What is the Difference Between Cricondentherm and Critical Temperature

The key difference between cricondentherm and critical temperature is that cricondentherm refers to the maximum temperature at which liquids and vapor tend to coexist, whereas critical temperature refers to the temperature at which a substance in one phase of matter has the same density, pressure, and temperature as in another phase of matter

Cricondentherm and critical temperature are important chemical concepts that describe the coexistence of different phases of matter at the same time.

CONTENTS

1. Overview and Key Difference
2. What is Cricondentherm  
3. What is Critical Temperature
4. Cricondentherm vs Critical Temperature in Tabular Form
5. Summary – Cricondentherm vs Critical Temperature 

What is Cricondentherm?

Cricondentherm is the maximum temperature at which liquids and vapor tend to coexist. In other words, at temperatures that are higher than cricondentherm, only one phase of matter exists at any pressure (two phases cannot coexist). Typically, the liquid-vapor boundary tends to terminate at a critical point with a critical temperature and critical pressure.

For instance, if the temperature of a gas well exceeds the cricondentherm, then there will be only dry gas existing in the reservoir throughout the production. In contrast, if the temperature of the gas well is below the cricondentherm, retrograde condensation occurs where oil condenses with decreasing pressure rather than increasing pressure.

What is Critical Temperature?

The critical temperature (or critical point) of a substance is the temperature at the endpoint of the phase equilibrium curve of that substance. A phase equilibrium curve or a phase diagram is the graph of pressure versus temperature in which the phase changes of the substance are shown. This shows the temperatures and pressure at which the substance exists as a solid, liquid, or gas. The critical point is the temperature and pressure at which the liquid and vapour phases coexist.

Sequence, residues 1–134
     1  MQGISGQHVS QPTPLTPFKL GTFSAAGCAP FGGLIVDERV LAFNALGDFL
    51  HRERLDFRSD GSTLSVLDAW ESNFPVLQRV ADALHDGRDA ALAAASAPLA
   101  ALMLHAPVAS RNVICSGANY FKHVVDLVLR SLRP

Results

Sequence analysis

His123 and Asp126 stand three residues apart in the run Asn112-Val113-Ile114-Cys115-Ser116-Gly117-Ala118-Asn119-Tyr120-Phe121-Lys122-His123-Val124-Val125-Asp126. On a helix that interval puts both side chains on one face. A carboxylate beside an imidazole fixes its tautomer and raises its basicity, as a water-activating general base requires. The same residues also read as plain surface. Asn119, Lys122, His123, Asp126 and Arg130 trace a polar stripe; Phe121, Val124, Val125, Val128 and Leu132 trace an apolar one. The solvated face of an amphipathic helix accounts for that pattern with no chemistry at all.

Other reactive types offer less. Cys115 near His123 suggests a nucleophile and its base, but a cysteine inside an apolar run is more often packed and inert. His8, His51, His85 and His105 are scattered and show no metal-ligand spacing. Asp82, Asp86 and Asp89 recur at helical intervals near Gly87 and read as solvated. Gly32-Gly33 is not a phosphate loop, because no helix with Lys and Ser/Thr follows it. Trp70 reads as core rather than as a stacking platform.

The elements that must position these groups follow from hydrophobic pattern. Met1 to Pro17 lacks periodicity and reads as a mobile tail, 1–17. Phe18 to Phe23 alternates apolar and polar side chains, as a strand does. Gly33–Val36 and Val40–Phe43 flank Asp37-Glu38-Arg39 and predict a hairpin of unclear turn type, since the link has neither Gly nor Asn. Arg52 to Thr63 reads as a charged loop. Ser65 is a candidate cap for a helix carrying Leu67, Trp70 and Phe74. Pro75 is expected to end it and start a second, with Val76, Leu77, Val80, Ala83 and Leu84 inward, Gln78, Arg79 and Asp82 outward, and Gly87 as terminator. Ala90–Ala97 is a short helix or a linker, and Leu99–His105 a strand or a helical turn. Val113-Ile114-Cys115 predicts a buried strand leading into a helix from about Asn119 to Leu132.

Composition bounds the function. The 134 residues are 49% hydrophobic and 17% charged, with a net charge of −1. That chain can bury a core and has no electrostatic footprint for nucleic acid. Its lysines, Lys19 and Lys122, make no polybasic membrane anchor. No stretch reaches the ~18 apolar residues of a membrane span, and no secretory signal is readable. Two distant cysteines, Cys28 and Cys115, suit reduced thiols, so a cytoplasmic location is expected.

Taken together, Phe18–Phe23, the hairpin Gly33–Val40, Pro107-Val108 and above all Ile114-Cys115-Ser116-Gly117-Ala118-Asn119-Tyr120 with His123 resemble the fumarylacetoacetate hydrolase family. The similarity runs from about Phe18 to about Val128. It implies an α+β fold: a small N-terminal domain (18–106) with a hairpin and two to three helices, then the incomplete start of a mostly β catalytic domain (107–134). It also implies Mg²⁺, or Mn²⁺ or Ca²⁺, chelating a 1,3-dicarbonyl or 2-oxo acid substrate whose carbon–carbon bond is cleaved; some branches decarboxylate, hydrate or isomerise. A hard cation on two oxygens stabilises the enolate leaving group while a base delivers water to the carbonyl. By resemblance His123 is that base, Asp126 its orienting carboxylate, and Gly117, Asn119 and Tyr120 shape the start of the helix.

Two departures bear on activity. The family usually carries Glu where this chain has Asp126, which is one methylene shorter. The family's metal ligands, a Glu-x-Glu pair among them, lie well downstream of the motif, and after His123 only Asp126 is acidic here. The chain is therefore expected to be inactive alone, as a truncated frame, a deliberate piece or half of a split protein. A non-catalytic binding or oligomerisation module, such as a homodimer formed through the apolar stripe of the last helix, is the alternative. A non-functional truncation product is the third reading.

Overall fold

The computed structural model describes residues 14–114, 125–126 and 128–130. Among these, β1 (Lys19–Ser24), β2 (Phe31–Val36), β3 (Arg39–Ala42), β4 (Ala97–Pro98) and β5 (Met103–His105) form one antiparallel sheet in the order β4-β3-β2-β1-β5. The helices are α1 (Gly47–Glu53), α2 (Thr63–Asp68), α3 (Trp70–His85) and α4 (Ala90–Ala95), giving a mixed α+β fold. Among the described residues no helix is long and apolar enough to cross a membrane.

The temperature and pressure at the critical point are named critical temperature (Tc) and critical pressure (Pc). As shown in the above image, the lines between two phases are known as boundaries. A critical point indicates the point at which line boundaries vanish. For instance, the critical temperature of water is 647 K.

Knowing the critical point of a substance is sometimes very important. For example, a gas can never be condensed at temperatures and pressures above its critical point. This is because the intermolecular forces between gas molecules are weakened at very high temperatures since the kinetic energy of those molecules is increased.

What is the Difference Between Cricondentherm and Critical Temperature?

Cricondentherm and critical temperature are important chemical concepts that describe the coexistence of different phases of matter at the same time. The key difference between cricondentherm and critical temperature is that cricondentherm refers to the maximum temperature at which liquids and vapor tend to coexist, whereas critical temperature refers to the temperature at which a substance in one phase of matter has the same density, pressure, and temperature as in another phase of matter.

The below infographic presents the differences between cricondentherm and critical temperature in tabular form for side by side comparison.

Summary – Cricondentherm vs Critical Temperature

Cricondentherm is the maximum temperature at which liquids and vapor tend to coexist. The critical temperature (or critical point) of a substance is the temperature at the endpoint of the phase equilibrium curve of that substance. The key difference between cricondentherm and critical temperature is that cricondentherm refers to the maximum temperature at which liquids and vapor tend to coexist whereas critical temperature refers to the temperature at which a substance in one phase of matter has the same density, pressure and temperature as in another phase of matter